16. Highly motivating & inspiring… Was in a similar situation few years back but slowly I have learned to manage my travel & finances. Being a travel blogger myself, I started leading my own tours & walks… Now I can earn while I am traveling too. Loved every word of your post.

  17. There are a lot of ‘save money for travel’ posts out there on the web, but this is one of the most useful ones I’ve come across. Well done Matthew!

  18. Hi Matt! Thanks for this post. I found it incredibly informative, and a relief that some of the things I have been doing in the past months have made it to the list. A second, part-time job (aka “side gig”) really helps out!

    • It sure does! No one is going to hand us free money for travel, we all need to figure out a way to start saving on our own to make our dreams come true.

  19. Being a budget traveler, this is the exact post I was looking for!! Thanks a lot Matthew for sharing the same.

  20. Thanks for sharing this! I am a student and trying to travel as much as I can. Do you think that girls can work when they travel?

  21. Great post! I love the part about having to practice it over and over. I’ll go six months great, and then make a mistake and get sidetracked. But I always find my way back!

    • It’s not easy, and we all get sidetracked along the way to our goals. The important part is to recognize that you need to pull back on course, and actually do it.

  22. Where there’s a will there’s a way. Saving money for travel can be challenging but it’s definitely possible and your tips prove it.

    Thanks for sharing Matthew, keep being awesome!

  23. Such a useful post! Thank you Matt. Random question, photography wise do you edit your photos (Landscapes/selfies/everything) using Lightroom or apps on your phone?
    If so, do you have themes on Instagram and pre-planned posts?

    • Hi Elle, I use Lightroom 95% of the time. I’ve watched a lot of tutorials, and developed my own style that I like, after watching how others do things. My style has changed over the years too, as I learn new techniques.

  24. I’m struggling right now with the spending habits part, but mainly because I’m trying to get new camera and camping gear before I go. But I’ve saved a TON by planning those big purchases around the big Memorial Day and Black Friday Sales. I should have a nice safety net for my year off traveling and writing in 2018!!

  25. Hi!! Great post!!! I just wanted to say that I follow your travel blog and Instagram quite closely, and love all your adventure stories! I recently created a travel blog challenge, and wondered if you would be interested in joining me.

  26. That’s pretty striking about most Americans not even having an emergency fund! These are great tips, I like the bottle of wine recommendation :P I got real about not eating out a few months ago and it really does save you a lot of money over time.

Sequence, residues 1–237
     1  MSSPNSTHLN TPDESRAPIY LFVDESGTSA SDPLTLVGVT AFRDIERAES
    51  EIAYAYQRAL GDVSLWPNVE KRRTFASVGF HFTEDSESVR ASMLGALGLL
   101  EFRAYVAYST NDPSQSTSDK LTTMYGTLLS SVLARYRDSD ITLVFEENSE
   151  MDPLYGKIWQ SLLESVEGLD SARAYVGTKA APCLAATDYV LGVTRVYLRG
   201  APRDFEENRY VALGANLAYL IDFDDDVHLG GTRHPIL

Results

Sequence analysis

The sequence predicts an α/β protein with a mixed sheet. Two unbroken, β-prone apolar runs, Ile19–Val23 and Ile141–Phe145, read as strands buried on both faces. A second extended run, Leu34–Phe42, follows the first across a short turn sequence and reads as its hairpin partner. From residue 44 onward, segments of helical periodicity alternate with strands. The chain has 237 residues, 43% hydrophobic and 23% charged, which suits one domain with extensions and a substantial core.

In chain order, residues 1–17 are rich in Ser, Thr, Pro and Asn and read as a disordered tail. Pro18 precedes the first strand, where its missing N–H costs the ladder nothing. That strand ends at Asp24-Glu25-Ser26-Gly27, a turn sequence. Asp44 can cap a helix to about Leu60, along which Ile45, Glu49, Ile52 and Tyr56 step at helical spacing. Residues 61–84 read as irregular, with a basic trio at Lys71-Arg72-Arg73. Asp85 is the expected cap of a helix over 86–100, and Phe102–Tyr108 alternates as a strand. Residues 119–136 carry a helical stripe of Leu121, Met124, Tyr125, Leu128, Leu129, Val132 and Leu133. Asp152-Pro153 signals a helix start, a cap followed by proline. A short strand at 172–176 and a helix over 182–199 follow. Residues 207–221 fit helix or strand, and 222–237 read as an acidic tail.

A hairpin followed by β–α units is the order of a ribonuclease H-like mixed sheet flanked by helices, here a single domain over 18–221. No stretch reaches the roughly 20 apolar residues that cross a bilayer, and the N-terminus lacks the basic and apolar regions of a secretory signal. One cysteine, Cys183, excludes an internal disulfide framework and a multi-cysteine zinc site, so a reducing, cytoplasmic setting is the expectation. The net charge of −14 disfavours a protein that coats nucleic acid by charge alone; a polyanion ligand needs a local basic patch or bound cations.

• It sure does. Cooking can be fun too once you get into it. Yes, a lot of people are clueless about saving money (and finances in general). It’s not taught well at school, many families ignore talking about it with their kids, and so people keep making the same mistakes.

  27. One of my favorite post!! Thanks for sharing Matthew :) You are one of the reasons why I started my own travel blog.

  28. My friends ask me how do I manage to save to travel? Like most of use here, I wasn’t born with a silver spoon in my mouth. I keep an account separate from my emergency fund for travel. And then I do not touch it unless its the most extreme emergency every or I’m traveling. Most banks in the states allow you to open multiple savings accounts for no charge. This has been absolute key in learning how to budget and manage money.

    • Separate accounts is a must. Otherwise it’s much too tempting to spend what you have in your checking account.

  29. Excellent tips. Its true that in order to travel extensively, we have to make sacrifices. I find it refreshing because after, you’re left with the most important things, which you value more. And some priceless memories too.

  30. Yes, selling your stuff is eye opening, not only because you make a lot of money but also because you realise how much stuff you don’t necessarily need.

    • That was a big eye-opener for me also. We really don’t need much to live a happy life. Consumer culture has brainwashed us into thinking we do.

  31. Great Read and amazing ideas shared by you. It is really important to save money or sell all the stuff that you are not using. Thanks!

    • We all have random stuff sitting around that isn’t being used. Better to sell it now while you can still get decent money for it!

  32. Awesome post! Since I came back from traveling I actually started to spend are lot less money on daily expenses and sold a lot of stuff now to afford my next travels, it is definitely worth it! :)

    • I found the same happened to me. Once you live out of a backpack for a while, you suddenly realize how little we really need to survive! Less stuff = more freedom.

  33. This is some extremely great advice Matt. I recently started using a budgeting app to track my expenses and it has drastically changed the amount of money I can save. Thanks for the great tips!

      • I’m using the ‘Trail Wallet’ app created by the guys at Never Ending Voyage. Because it was designed for travellers I really find it quick and easy to use!